Healing after rejection

If you witnessed my little breakdown yesterday, thanks for tolerating it. If you commented on Facebook, Twitter, via email or on this blog, THANK YOU.

It’s pretty rare that I whimper publicly, or post anything extremely personal. But yesterday, I felt at the end of my rope, a place I seem to be returning to regularly of late, so I feel the need to explain: This was no regular rejection letter. This rejection came after an initial pass on my manuscript, but with an invitation to do rewrites. I reworked the manuscript for months, resubmitted it, and then waited nearly three months for a response, for a total of nine months before this “no.”

The letter was extremely gentle, but still hurt like #%&@.

And it got me wondering… how do you heal after a rejection?

1) Gather your writing friends. Hearing that they’ve been there, done that is helpful. Misery loves company, if only to remind you that you’re not alone. Family can be helpful too, but sometimes hit or miss. My mother likes to point out how many rejections J.K. Rowling got. Then she tells me to self-publish, and that’s followed by, “just put it out of your mind.” Well-meaning? Absolutely. Helpful? Not so much. I love you though, Mom.

2) Give yourself a treat. Life is hard enough even without rejection crap. This is when having your mom in town is especially helpful. After I went sulking  back up to my office, she made accra, which was one of my all time favorite things to eat when I was a child. Still is.

3) Be real. This is no time to try to be noble and think you should be above comparisons to other writers, or beyond wanting acceptance. What else are you going to measure yourself against, if not the achievements of others? Plus, you’re not writing in your journal. You’re writing to make books. Acceptance is the crux of the thing. Everyone wants to be accepted! So give yourself a break and save being noble for another day. You’re human. Feel your feelings.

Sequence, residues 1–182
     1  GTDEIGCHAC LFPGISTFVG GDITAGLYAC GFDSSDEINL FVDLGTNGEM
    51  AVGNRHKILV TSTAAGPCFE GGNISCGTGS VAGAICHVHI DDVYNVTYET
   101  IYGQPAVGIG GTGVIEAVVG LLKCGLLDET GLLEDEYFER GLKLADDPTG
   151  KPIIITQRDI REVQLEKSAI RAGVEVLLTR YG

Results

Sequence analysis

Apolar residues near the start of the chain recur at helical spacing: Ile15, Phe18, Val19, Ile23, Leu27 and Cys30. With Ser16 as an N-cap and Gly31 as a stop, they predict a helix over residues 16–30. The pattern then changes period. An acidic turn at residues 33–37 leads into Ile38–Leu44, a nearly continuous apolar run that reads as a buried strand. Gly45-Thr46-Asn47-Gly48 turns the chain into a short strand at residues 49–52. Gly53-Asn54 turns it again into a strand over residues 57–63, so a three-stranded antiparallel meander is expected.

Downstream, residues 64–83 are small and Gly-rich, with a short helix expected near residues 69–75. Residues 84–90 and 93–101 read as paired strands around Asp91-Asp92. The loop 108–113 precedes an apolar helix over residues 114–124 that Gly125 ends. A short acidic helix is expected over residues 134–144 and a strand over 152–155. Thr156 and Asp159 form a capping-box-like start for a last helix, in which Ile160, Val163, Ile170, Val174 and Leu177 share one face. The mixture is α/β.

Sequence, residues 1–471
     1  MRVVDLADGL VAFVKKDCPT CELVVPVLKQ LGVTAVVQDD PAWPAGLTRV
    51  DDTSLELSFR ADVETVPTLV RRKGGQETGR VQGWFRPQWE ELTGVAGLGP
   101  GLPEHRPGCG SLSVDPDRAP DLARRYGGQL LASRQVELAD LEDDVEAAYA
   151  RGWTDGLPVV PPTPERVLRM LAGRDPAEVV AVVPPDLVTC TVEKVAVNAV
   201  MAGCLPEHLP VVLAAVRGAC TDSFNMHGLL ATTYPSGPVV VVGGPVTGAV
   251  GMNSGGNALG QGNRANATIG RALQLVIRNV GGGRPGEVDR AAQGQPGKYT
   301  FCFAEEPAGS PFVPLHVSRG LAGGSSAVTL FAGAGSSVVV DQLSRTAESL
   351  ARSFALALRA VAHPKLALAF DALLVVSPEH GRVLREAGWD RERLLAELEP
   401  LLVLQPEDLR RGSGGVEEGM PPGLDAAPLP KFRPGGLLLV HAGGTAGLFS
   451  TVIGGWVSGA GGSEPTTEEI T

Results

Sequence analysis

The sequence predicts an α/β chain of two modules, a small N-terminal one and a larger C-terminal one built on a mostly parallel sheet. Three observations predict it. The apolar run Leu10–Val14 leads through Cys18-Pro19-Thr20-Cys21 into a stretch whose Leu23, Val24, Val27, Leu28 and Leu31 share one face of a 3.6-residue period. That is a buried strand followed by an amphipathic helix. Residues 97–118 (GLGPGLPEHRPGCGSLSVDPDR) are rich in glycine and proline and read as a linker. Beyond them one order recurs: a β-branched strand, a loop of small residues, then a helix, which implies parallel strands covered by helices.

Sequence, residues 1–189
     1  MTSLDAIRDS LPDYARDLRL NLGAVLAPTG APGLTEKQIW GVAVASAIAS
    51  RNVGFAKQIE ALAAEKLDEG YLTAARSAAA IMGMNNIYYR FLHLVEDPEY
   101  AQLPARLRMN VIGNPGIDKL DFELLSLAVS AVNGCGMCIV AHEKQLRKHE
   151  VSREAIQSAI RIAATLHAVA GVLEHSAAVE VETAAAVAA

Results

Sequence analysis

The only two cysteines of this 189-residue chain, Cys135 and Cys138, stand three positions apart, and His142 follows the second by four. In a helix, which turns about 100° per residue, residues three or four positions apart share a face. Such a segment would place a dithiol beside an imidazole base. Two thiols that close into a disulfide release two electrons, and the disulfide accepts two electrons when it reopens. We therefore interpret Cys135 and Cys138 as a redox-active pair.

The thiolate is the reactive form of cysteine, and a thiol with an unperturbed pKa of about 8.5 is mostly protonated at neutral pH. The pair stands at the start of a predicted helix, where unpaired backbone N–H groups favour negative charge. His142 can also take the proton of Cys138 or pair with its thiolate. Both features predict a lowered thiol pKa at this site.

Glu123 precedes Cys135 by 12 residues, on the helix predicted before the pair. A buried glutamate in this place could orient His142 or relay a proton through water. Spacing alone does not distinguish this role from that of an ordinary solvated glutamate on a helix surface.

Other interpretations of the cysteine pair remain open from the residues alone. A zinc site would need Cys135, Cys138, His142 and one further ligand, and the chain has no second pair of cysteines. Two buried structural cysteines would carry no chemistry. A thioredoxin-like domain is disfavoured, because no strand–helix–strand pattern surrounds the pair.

4) Go ahead and get angry. For me, that was the impetus to do some research and send out a couple of new queries. For you that might look like screaming at the top of your lungs. You do what you gotta do.

5) Move on. I ended the day, still not feeling great, but working on a new manuscript. Today I feel better, and tomorrow I’ll be better still. The thing to remember is: this too shall pass.

No doubt

I sometimes wonder if rewrites happen because the book isn’t ready, or because the writer isn’t.

Yesterday I walked into a children’s bookstore. Immediately I felt comfortable, relaxed, and inspired. But there was an undercurrent of something else… anguish? dread? frustration? No. It was doubt. Yesterday was a bad time to go trolling around stacks of beautiful, published books because I’m in the middle of writing a novel. And middles are famous for becoming quagmires of doubt and questions. Should I change some of the characters’ names? Should I change the central symbol to something else entirely? Should I amp up the humor in an otherwise creepy book?

Of course everything is worth testing out. Why not? Nothing’s written in stone. But at some point I’m going to have to make final decisions. I can’t work for several more years on recreating this novel while doubt and fear make it hard to move on, and ambition makes me take things a little too seriously. It’s a paralyzing combo, one I’ll have to conquer.

We’ll see what happens, because I’m going to keep pressing on. Of that, there is no doubt.